The quick summary is that Emma is a local match-maker. After helping merge one fantastic couple, Mr. Weston and Emma’s governness Miss Taylor, all her other schemes seems to flounder. Harriet Smith is a minor character although seems to fall in love with anyone that Emma points to. Mrs. Elton was one of my favorite characters only because of her insipid vanity and over indulgence in herself.

I’m not sure why, but Jane Austen seems to love solving all of the conflicts in her novels through a lengthy and well written letter. Darcy wrote a letter to Elizabeth explaining his point of view on their relationship, which became a turning point in that novel. There were a series of correspondences between Fanny and Edmund in regards to Mary Crawford which led to Edmund realizing he loved Fanny. In Emma, there is a well worded letter by Frank Churchill explaining all his secretive actions and his love for Jane Fairfax, which settled many thoughts and rumors of his leading Emma on and why the two acted to secretive.

I think Frank Churchill was my favorite character in the novel. He is full of surprises, has an open and friendly heart, and seems to always entertain, whether he intended to or not.

I had the movie Clueless running through my head while I read this book. I think Clueless is an excellent adaptation of Emma, carefully creating characters and plot that stay faithful to the novel. I could see many character correlations, but I’m still trying to figure out who Jane Fairfax would be in the movie.

Like most of Austen’s novels, there were quite a few chapters that I wish had been cut out altogether, since they didn’t help the plot progress and were just plain boring. But given the time frame of when the novel was written, it was probably more enjoyable to read about normal life occurances than it is now in our more impatient era.

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Daisy Miller

Daisy Miller by Henry James

Age: Adult

Henry James is an interesting author. He seems like he has fun with his stories. He’s an American author who has written 20 novels, 112 short stories and a few plays, I believe. I’ve only read The Turn of the Screw, and I’m currently reading Daisy Miller. The Turn of the Screw was semi Science-Fictionesque filled with ghost stories and creepy children in a giant mansion.

Daisy Miller is nothing like The Turn of the Screw. Its a more playful story. Mr. Winterbourne courting a young “common” lady named Daisy Miller in Geneva, Switzerland. Daisy with her timid and morally lax mother. Daisy with her hyperactive younger brother with an immense sweet tooth.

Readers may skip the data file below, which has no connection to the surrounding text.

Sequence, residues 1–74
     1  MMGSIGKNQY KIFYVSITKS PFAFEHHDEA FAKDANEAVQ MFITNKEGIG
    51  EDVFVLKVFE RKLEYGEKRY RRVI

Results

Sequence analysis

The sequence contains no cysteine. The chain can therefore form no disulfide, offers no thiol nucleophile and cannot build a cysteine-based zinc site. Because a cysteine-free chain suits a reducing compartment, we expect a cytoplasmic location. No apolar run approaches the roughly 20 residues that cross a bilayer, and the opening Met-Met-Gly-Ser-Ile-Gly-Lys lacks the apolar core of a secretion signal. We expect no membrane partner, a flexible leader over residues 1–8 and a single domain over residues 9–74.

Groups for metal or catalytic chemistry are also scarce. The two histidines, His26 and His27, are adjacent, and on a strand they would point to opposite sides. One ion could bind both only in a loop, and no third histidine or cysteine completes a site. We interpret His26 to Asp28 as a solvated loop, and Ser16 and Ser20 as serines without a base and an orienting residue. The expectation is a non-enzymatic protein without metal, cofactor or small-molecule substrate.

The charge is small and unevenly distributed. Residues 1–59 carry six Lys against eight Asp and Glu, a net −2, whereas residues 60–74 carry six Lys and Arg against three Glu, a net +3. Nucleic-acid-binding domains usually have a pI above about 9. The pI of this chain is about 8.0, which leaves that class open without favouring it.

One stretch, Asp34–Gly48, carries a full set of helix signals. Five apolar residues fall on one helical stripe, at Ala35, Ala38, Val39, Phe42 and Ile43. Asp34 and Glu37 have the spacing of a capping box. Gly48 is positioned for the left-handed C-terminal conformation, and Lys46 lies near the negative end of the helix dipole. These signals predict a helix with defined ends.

If one didn’t know Henry James was American before picking up this book, then they certainly would within the first few pages with the dialog consisting of “American boys are the best” “American candy is the best” etc.

Its funny that Daisy Miller was written about 50 some-odd year after Mansfield Park, by an American male, and still refers to the same standards of morality and social stigmas that plagued Mansfield Park.

I wonder what Jane Austen would think of Daisy Miller?

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Mansfield Park

I finished Mansfield Park today, and I really wish I could reclaim those hours of my life spent reading this book.

As Jane Austen’s third book, I had higher expectations for it. Written in 1814, I’m sure there are many aspects of English countryside lifestyles that I am unfamiliar with, and hence, couldn’t connect with any of the characters. Mary Crawford was the most colorful and delightful character in the book, but I don’t think Jane Austen meant for her to be the most approachable character.

Edmund is very uppity, and very oblivious to anything relating to emotions.
Fanny is so meek and timid, it drives a modern woman up the wall.

Henry Crawford is another manifestation of Mr. Wickham, although I did find Henry Crawford more charming than Mr. Wickham overall.

The book could have been more successful without the entire volume 2. So much of nothing happened, I was more shocked at the levels of boredom and tediousness of life back in the early 19th century then anything else. I can see why so many movie representations of the novel stray so far from the actual storyline. The entire slave-trade incident in Antigua that Sir Thomas Betram is involved in gets only slightly mentioned in one sentence in the book, when it was given a much higher significance in the movies. I really did hope that Henry Crawford and Fanny would marry. I liked the Crawfords, for all their faults and selfishness, at least their characters had some life to them.

This book was such a let down compared to the life, the wit and the amazing characters of Pride and Prejudice.

I do still want to read Northanger Abbey, but I have no desire to read Emma or Sense and Sensability.

I guess I can start the Friday Night Knitting Club this week.

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One love triangle to another

I watched the movie “The Jane Austen Book Club” a couple weeks ago, and as much as I enjoyed the movie, I think it would have liked it more if I had read more of Jane Austen’s works than just Pride and Prejudice.

So, having watched that movie and  in keeping with my new reading routine (1 book off my bookshelf, 1 book from somewhere else), I decided to give Mansfield Park a try. I am pleasantly surprised at how much I am enjoying this book.

So, in reading this book, I feel like I need to make some kind of chart to keep all the characters and their stories straight. The book certainly does not lack Jane’s wit, sarcasm and commentary of the social hierarchies on morality and social status, all told through amusingly intricate love stories.

As far as I can tell, in the first 150 pages, there are two love triangles, the unfair and overbearing aunt, the absentee father figures, and the reckless youth.

Fanny Price, the heroine, is kind of dull. Miss Crawford is more interesting but seems superficial, and the Miss Bertrams are just plain annoying. I enjoy all the sections with Edmund Bertram, and all the tension that surrounds him, Fanny and Miss Crawford.

I saw the movie Mansfield Park back in high school in 2000, I think, and so I have flashes of the movie running through my head as I’m reading the book, but the movie images and the book storyline are not in sync, so its really frustrating. I haven’t seen the movie in over 5 years, but I can’t get out of my mind as I read this book. Well, I’ll just keep reading and hopefully the book will erase my memories of the movie. =) One can only hope.

The next book on my list is The Friday Night Knitting Club. I’ve heard some good things about this book, so I hope it won’t let me down.

On a side note, I don’t read mystery novels all too frequently, but I did read some very fun Knitting Mysteries a couple years ago. Needled to Death and A Deadly Yarn Both books by Maggie Sefton. I would recommend those two to any knitter interested in a quick and fun read, plus there are a couple of free patterns at the end of each book!